From the Senate, let's note the way the US government spends the money they collect in taxes. Kristina Wong (Washington Times) reports that while other countries are below poverty level and Iraq rakes in over $100 billion in oil, Iraq remains the target of charity. Specifically, there's a reconstruction fund that two countries are pulling out of -- but not the United States. And the US government gave Iraq $470 million of US tax payer dollars in Fiscal Year 2013 and, for Fiscal Year 2014, the US government plans to give $500 million. This has nothing to do with the $573 million dollar loan -- again these are US tax payer dollars -- the US government is granting Iraq to purchase military weapons.
There is some concern over all the US tax dollars being poured into Iraq. Last week, Brett McGurk, the State Dept's Deputy Assistant Secretary for Iraq and Iran Bureau of Near Eastern Affairs, appeared Wednesday before the US House Foreign Affairs Subcommittee on the Middle East and North Africa (see last week's "Iraq snapshot," "Iraq snapshot" and "Iraq snapshot").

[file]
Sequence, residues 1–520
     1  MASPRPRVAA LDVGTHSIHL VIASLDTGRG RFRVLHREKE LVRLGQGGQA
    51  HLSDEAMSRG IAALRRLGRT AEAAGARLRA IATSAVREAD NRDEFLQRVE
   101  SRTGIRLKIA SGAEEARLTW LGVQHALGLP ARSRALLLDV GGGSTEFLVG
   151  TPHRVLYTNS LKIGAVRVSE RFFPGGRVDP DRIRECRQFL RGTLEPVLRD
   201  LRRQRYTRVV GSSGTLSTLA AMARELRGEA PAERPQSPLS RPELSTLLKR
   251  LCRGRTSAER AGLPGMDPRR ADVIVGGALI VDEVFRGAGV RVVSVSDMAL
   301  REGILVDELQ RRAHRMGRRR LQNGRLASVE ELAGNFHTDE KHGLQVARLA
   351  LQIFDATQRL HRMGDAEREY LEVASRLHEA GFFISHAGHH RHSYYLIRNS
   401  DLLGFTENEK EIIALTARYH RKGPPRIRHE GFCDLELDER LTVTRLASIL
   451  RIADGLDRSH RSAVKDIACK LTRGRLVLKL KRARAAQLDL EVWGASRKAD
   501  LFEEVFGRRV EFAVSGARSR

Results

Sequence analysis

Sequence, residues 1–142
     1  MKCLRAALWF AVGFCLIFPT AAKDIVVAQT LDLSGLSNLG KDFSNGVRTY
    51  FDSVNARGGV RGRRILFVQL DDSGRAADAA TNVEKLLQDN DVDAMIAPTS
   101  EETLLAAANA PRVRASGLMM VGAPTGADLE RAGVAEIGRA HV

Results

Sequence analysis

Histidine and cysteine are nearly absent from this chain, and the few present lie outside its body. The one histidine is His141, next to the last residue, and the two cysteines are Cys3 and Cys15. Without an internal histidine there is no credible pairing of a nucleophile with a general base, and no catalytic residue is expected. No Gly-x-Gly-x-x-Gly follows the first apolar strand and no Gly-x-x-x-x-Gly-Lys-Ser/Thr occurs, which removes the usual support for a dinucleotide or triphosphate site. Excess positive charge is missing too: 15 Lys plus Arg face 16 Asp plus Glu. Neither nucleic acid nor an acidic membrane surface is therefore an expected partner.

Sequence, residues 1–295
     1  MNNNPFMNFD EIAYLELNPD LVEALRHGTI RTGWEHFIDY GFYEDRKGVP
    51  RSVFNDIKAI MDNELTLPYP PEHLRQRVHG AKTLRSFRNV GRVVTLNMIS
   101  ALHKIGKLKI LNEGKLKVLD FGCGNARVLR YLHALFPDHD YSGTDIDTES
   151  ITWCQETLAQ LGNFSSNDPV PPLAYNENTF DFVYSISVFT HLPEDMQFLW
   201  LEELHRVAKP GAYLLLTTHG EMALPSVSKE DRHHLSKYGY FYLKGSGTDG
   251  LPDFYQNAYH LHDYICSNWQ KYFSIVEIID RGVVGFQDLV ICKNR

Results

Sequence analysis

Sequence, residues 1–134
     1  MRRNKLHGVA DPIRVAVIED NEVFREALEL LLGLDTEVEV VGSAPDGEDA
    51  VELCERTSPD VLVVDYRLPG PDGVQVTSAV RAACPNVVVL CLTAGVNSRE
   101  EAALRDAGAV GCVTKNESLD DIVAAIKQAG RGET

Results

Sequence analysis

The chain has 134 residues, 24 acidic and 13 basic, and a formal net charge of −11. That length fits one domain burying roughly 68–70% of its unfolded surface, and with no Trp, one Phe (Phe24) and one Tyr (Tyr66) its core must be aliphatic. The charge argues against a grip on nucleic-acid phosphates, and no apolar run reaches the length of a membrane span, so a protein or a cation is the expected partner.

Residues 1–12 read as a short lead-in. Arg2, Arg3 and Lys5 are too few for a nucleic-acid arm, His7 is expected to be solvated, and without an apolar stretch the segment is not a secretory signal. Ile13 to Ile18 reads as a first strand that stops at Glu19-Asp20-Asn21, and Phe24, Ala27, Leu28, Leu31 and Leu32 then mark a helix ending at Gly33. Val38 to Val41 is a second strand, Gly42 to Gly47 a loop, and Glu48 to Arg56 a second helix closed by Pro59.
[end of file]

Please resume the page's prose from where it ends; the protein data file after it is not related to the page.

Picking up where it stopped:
US House Rep Brad Sherman: I want to focus on finances. How much money did we give Iraq this year? How much do they get from oil? And are they pumping oil as quickly as they can or are they constraining their production in accordance with OPEC rules?
Brett McGurk: In terms of money, we're not really giving Iraq much money at all anymore. Our assistance levels have gone down dramatically.
US House Rep Brad Sherman: But it's still well over a billion?
Brett McGurk: Uh, no. I believe that the most recent request is now of under a billion. It's gone from 1.5 billion last year to, uh, FY13 [Fiscal Year 2013] to about 880 million. And I can again brief you on the glide path in terms of our overall presence.
The actual request by the State Dept is $1.18 billion. What Wong's reporting on? It's in addition to that. So Wong's reporting $1.073 billion for Iraq in FY14 plus the $1.18 billion the State Dept is requesting for Iraq.